Driven by human capital, total wealth in Bangladesh increased more than twofold between 1995 to 2018, reaching $3,109 billion in 2018, up from the $905 billion in 1995, says a World Bank's report on global wealth accounting.
The report titled "The Changing Wealth of Nations 2021" released on Wednesday is the latest in a series that introduces the concept of wealth as a complementary indicator to gross domestic product (GDP) for monitoring sustainable development in a country.
Beyond economic output, the bank's calculations to measure Bangladesh's total wealth in 2018 was based on natural capital, human capital, produced capital and net foreign assets, accounting for $197.4 billion, $2,087.1 billion, $862.6 billion and -$38.6 billion respectively.
Although on the surface the picture looks rosy, the trends of sustainability of Bangladesh in terms of its human capital are worrying.
While Bangladesh's human capital has occupied the largest share of its total wealth since 1995, it is constrained by persisting gender gaps over the years.
It was estimated that men accounted for around 92% of the human capital in 1995, or $612 billion out of the total $665 billion, while women only contributed 8%.
Of the $2,087.1 billion of human capital, around 93% was contributed by men in 2018, indicating little or no progress in gender parity.
Moreover, human capital contributed 74% to the country's wealth in 1995, but declined to 67% in 2018.
On the other hand, the contribution of produced capital, such as buildings and infrastructures, had increased significantly, but the share of natural capital dropped by half -- from 12.8% in 1995 to 6.4% in 2018.
The asset value of Bangladesh mangroves increased significantly by 402% to $10,236 billion in 2018 according to the report, up from the $2,040 billion in 1995.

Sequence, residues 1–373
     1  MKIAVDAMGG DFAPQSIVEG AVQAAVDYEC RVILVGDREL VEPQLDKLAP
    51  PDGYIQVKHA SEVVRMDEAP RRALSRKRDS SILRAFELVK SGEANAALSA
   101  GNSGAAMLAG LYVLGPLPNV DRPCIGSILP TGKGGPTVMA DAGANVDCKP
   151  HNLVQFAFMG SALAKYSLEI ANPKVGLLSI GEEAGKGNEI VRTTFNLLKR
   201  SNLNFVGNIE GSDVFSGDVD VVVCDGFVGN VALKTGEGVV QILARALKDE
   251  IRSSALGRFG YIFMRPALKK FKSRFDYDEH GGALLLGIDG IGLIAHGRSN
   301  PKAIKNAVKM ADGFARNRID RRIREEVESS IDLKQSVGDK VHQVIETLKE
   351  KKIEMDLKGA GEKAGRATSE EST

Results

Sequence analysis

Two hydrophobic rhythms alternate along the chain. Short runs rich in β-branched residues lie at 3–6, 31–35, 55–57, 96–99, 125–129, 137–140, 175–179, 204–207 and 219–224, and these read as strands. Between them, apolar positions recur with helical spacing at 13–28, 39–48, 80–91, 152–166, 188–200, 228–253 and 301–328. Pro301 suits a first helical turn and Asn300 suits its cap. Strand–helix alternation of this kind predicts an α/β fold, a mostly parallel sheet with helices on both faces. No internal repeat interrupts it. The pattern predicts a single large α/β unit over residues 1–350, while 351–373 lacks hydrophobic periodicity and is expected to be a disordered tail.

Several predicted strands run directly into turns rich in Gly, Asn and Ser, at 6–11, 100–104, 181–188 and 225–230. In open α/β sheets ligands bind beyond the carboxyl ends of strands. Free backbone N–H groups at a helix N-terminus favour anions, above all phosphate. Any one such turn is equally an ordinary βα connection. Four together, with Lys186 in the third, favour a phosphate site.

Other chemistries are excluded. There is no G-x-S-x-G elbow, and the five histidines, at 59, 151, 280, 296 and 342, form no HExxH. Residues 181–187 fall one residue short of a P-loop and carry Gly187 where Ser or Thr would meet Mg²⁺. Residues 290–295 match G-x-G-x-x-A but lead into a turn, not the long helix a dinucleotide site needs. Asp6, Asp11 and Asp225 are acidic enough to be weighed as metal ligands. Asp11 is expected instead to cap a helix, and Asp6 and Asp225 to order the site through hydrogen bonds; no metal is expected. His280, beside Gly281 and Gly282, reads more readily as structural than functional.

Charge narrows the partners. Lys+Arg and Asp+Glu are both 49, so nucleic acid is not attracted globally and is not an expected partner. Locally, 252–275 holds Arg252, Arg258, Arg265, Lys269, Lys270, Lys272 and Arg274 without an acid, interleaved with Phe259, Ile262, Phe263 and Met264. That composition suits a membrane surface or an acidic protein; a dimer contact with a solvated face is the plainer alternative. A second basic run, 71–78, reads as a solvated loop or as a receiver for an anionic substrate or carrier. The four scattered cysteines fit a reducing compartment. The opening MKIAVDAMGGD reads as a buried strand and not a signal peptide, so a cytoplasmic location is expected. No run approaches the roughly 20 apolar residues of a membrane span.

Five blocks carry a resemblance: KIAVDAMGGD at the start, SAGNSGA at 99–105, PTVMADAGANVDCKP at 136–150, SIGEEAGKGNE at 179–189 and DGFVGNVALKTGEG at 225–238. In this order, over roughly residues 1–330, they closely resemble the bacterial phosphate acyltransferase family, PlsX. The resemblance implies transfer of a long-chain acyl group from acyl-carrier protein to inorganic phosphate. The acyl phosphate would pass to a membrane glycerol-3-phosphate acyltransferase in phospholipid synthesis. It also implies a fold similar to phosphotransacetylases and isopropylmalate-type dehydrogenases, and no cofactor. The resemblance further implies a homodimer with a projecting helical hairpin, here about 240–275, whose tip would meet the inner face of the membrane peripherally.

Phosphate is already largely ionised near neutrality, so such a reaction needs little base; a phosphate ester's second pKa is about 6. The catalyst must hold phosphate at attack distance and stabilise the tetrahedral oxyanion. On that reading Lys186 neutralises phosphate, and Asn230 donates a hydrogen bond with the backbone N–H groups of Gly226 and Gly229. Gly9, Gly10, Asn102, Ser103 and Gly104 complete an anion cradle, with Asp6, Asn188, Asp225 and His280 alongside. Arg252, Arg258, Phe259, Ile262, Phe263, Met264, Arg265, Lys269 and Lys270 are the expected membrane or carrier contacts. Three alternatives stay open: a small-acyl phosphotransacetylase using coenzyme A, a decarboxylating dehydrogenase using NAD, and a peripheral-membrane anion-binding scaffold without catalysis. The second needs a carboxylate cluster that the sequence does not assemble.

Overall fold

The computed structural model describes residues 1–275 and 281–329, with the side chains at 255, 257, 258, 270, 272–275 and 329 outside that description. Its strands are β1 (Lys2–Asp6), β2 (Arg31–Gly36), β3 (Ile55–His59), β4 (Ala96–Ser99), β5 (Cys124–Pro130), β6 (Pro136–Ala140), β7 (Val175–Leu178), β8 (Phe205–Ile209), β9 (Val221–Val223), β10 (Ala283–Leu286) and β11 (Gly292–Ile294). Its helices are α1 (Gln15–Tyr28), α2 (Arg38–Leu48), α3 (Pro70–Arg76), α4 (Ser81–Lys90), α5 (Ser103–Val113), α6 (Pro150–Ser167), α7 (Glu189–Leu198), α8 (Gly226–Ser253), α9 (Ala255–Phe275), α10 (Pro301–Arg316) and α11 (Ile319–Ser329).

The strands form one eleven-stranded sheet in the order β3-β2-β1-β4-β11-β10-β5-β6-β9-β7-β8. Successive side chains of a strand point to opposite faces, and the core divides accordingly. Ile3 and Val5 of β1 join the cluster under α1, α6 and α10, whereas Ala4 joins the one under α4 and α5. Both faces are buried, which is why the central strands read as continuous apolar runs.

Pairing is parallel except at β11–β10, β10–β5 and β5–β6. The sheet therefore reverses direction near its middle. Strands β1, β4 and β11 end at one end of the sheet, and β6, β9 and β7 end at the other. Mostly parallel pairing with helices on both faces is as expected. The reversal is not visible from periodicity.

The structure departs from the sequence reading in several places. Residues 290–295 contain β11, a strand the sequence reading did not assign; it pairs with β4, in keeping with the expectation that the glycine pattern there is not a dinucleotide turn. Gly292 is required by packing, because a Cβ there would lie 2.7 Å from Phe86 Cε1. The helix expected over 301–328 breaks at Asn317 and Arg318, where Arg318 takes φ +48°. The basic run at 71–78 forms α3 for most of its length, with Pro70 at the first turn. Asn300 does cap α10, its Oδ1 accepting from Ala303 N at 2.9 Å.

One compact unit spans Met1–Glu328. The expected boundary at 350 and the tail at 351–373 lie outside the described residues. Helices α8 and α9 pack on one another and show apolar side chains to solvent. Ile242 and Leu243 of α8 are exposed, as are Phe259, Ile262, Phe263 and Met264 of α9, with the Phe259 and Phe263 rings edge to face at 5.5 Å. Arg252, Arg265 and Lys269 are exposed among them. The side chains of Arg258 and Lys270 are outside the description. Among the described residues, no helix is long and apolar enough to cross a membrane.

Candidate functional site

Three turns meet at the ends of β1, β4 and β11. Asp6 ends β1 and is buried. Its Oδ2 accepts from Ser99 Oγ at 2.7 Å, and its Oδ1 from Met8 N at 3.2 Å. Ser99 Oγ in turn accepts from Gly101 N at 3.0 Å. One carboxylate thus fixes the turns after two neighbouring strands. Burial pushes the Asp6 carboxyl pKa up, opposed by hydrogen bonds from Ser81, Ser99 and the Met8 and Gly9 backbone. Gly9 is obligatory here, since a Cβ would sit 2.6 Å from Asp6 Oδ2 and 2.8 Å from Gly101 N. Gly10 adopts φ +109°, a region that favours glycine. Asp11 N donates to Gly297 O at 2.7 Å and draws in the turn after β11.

The fastest growth in mangrove value occurred in several economies where mangrove coverage increased and the value per square kilometre of protected assets grew: in China, Vietnam and Bangladesh.
The fourth edition of the report tracks the wealth of 146 countries between 1995 and 2018, by measuring the economic value of natural capital, both renewable (such as forests, cropland, and ocean resources) and nonrenewable (such as minerals and fossil fuels), human capital (earnings over a person's lifetime), produced capital (such as buildings and infrastructure), and net foreign assets.
Countries regularly track GDP as an indicator of their economic progress, but not wealth, and national wealth has a more direct and long-term impact on people's lives, said the report.
Wealth in South Asia
Total wealth in South Asia has grown since 1995, but due to population growth in the same time period, per capita wealth remains among the lowest in the world, said the bank.
Human capital makes up over half of the region's wealth, but is extremely unbalanced, with over 80% attributed to men, with little change in the past two decades.
Since 1995, with the increasing trend of global wealth, India has remained the wealthiest country in South Asia.
Total wealth in India reached $32,601 billion in 2018, followed by Pakistan ($3,476 billion), Bangladesh ($3,109 billion), Sri Lanka ($650 billion), Nepal ($429 billion) and the Maldives ($26 billion).
In terms of per capita, Bangladesh's wealth ($19,264.9) was higher than that of Pakistan ($16,379.8) and Nepal ($15,280.4) in 2018.
The highest per capita wealth in the region was observed in Maldives ($50,794.6), followed by Sri Lanka ($29,971.9) and India ($24,102).
The bank recommended actively investing in public goods like education, health, and nature, to prevent unsustainable depletion, and manage future risks.